The Reconnecting Communities Act which would have allocated $15 billion to retrofitting or replacing roadways that cut through economically disadvantaged areas, like the Brooklyn-Queens Expressway.

Adi Talwar

Last week, the U.S. Senate approved a $1 trillion infrastructure bill to invest in improving the country’s roadways, bridges and railways and making necessary improvements to internet connectivity, the power grid and water systems. 

Approval of the bill, which passed with a 69-30 vote, was bipartisan, a rarity during increasingly politically polarizing times. But cut from the final version of the legislation was funding that would have helped mitigate an issue environmental justice and social justice activists have been fighting for: removing highways that cut through economically disadvantaged areas, like the Brooklyn-Queens Expressway (BQE). 

In May, New York Senators Chuck Schumer and Kirsten Gillibrand introduced the Reconnecting Communities Act, which would have allocated $15 billion for the Department of Transportation to offer in grants over the next five years. Those dollars would be spent on projects like traffic studies, retrofitting or replacing roadways and supporting community members who participate in transportation-related decision-making. But the amount dedicated to that program was reduced to just $1 billion in the bill approved by the Senate.

“We would have liked to see additional funding toward that program, mainly because the $1 billion price isn’t up to the task,” said Ben Crowther, who co-authored a recent report for the nonprofit Congress for the New Urbanism, called Freeways Without Futures, which prioritized 15 highways across the country for such funding, including the BQE.

For context, he noted that a single priority project—to remove the crumbling Interstate-81 in Syracuse, New York, for instance—would cost upwards of $2.2 billion, according to a DOT estimate.

The future of the BQE has been a focal point of public policy discussion in recent years, with some calling for the city to tear the crumbling expressway down. Earlier this month, Mayor Bill de Blasio announced a plan to make improvements to a portion of the BQE that would extend its life by 20 years. 

The highway was built over a more than 20-year period beginning before World War II, according to NYC Parks, and one of its most iconic sections, a three-layer cantilever encompassing two stacked highways topped by the Brooklyn Heights Promenade, opened in 1954. The design was a compromise between planner Robert Moses and local residents who resisted a highway cutting through their neighborhood, though the completed project effectively did cut them off from the waterway for the length of the promenade. 

That 1.5-mile section running from Atlantic Avenue to Sands Street in Brooklyn is now in desperate need of repair, according to Marc Wouters, an urban planner who worked on the mayor’s approved plan for the highway. 

“It was a fantastic piece of engineering for its day, but it needs maintenance,” he said. He added that experts had originally estimated the road would not be able to withstand truck traffic by 2026, a panel created by the mayor to evaluate the highway’s state found it was deteriorating faster than expected.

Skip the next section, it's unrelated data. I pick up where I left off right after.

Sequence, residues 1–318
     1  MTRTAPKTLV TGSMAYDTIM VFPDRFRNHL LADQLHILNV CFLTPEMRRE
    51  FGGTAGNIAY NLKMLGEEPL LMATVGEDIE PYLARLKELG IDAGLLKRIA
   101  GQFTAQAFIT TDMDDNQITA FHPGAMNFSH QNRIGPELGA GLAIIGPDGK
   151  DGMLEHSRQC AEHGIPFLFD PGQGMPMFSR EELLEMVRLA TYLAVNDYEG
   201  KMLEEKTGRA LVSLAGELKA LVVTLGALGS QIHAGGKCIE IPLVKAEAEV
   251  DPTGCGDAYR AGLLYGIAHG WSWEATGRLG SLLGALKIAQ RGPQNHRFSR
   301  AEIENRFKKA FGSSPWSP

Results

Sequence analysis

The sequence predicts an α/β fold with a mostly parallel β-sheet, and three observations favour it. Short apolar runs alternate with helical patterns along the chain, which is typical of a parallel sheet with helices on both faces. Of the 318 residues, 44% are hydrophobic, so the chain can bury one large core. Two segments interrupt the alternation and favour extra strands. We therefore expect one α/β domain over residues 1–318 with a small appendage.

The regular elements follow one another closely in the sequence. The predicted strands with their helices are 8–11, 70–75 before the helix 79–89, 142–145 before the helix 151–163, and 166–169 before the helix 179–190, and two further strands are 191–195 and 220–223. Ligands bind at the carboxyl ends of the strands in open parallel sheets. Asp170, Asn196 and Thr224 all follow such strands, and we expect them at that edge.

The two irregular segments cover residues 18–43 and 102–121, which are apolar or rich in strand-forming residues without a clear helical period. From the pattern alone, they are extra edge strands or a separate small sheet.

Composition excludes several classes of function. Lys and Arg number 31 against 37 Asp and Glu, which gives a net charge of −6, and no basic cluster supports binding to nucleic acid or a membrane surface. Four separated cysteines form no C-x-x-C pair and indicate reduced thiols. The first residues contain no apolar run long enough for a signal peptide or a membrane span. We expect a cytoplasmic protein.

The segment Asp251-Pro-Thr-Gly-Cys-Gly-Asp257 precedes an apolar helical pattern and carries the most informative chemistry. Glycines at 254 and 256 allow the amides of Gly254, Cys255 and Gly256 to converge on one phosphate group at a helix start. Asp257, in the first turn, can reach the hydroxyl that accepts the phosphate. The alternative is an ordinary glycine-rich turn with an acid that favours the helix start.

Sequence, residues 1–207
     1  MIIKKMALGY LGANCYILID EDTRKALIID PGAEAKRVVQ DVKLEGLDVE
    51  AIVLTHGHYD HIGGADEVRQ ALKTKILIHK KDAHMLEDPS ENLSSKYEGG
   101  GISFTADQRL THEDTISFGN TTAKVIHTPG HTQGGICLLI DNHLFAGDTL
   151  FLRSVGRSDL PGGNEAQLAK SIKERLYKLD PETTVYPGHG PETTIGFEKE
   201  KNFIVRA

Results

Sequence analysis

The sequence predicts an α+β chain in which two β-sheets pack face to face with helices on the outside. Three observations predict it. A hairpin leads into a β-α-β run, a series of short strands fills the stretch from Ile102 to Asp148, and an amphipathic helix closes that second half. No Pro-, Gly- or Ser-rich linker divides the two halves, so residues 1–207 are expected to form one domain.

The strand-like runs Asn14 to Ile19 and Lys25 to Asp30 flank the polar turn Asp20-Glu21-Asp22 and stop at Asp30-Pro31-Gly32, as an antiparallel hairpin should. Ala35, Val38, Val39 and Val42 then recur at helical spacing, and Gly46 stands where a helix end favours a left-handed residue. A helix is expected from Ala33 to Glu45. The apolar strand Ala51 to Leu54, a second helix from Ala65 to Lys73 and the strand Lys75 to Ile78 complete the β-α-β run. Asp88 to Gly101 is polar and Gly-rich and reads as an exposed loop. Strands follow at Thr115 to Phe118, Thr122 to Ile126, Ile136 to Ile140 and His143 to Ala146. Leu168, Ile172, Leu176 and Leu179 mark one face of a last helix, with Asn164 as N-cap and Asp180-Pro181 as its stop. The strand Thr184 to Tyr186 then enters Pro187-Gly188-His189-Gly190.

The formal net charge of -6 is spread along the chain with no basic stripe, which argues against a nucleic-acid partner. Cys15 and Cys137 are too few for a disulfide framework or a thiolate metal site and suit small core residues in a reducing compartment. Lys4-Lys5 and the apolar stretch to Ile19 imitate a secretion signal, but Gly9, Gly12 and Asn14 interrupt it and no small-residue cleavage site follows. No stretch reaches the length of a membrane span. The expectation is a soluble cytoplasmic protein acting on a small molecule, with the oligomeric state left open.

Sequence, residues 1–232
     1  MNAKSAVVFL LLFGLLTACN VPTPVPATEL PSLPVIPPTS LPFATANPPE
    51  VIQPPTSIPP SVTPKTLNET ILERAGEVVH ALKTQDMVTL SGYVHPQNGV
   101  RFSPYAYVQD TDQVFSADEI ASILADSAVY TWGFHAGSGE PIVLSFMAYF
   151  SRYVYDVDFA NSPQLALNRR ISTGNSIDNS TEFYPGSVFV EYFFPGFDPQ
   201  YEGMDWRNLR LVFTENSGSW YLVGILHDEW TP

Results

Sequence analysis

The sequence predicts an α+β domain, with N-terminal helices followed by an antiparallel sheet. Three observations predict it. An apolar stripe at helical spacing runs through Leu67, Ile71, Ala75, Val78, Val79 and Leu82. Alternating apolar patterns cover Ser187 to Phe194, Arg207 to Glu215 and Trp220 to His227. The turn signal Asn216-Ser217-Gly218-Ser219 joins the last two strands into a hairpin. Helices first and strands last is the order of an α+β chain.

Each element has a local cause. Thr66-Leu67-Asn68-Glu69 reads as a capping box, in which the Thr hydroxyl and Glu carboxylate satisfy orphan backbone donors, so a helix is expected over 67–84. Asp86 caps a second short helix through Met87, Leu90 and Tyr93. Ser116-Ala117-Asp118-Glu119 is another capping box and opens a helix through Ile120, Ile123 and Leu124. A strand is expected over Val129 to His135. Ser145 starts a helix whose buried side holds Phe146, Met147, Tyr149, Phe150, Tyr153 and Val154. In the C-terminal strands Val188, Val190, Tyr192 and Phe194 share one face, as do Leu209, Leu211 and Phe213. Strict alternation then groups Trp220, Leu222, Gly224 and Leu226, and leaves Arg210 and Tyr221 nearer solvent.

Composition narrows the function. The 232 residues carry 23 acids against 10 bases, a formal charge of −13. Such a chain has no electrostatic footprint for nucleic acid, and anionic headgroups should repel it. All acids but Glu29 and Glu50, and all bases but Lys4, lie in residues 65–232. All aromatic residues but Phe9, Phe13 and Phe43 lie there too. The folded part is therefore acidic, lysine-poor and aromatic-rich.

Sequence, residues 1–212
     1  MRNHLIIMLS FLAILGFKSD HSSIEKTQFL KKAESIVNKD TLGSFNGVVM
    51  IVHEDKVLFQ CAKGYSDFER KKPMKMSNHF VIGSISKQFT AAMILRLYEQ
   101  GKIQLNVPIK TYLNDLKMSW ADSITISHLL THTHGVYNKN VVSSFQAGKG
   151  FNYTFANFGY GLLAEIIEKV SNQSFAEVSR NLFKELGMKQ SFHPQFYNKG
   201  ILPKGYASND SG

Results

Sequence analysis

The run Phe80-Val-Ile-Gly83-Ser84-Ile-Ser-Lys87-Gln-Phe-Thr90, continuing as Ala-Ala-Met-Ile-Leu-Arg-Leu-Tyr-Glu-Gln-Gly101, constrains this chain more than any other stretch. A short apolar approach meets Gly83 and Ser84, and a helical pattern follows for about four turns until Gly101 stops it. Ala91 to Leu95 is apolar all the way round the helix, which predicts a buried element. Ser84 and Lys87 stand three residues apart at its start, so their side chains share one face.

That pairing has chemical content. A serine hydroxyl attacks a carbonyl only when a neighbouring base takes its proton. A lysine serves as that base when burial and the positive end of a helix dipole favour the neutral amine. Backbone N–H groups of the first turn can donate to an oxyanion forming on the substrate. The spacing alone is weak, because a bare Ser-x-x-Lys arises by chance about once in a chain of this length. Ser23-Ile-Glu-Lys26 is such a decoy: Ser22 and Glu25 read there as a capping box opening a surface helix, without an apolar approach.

In 2019, the Department of Transportation put forth two proposals, and five other potential plans were proposed by other planners and groups. One of two DOT plans suggested removing the promenade and demolishing a local playground, and was met with mass opposition by Brooklyn residents and legislators, including Brooklyn Borough President and mayoral candidate Eric Adams. At the time, Adams told a local neighborhood blog that he was “united” with them in their fight against the proposal. (His office did not respond to a request for comment on the current plan.)

To choose the best course of action, Mayor de Blasio convened an expert panel who produced a report in February 202 on ways to address that section of the highway.

The plan approved by the mayor’s office this month follows suggestions by that panel and will create an opportunity to “rethink how people, goods, and services move around our city,” de Blasio said in a press release. It will reduce the six-lane highway to four, mitigate water infiltration that causes corrosion and increase enforcement of overweight trucks. The city is also using sensors to monitor the state of deterioration. 

“It’s a great step,” said Woulters. But, he added,  this plan mainly buys time— time the city should use to think about a long-term solution for the expressway.

“Instead of just constantly rebuilding the highways that people conceived of in the ’50s and ’60s, let’s start planning for the future,” he said. “So that as repairs come along, that we start replacing it with something that is more innovative, more forward-thinking, that’s cleaner, more sustainable, healthier for the neighborhoods that are adjacent to it.”

As for potential federal dollars to seek alternatives to massive highways through urban areas, Crowther said that the infrastructure bill, which is now being considered by the House of Representatives, allows for other methods of funding. The legislation allocates additional discretionary funds to the Department of Transportation, for instance, and DOT Secretary Pete Buttigieg has been supportive of removing highways. 

“So while we would have liked to see a more robust Reconnecting Communities Program included in the bipartisan infrastructure bill,” he said, “there’s still other pathways at the moment to get some of that funding for these projects.”

Liz Donovan is a Report for America corps member.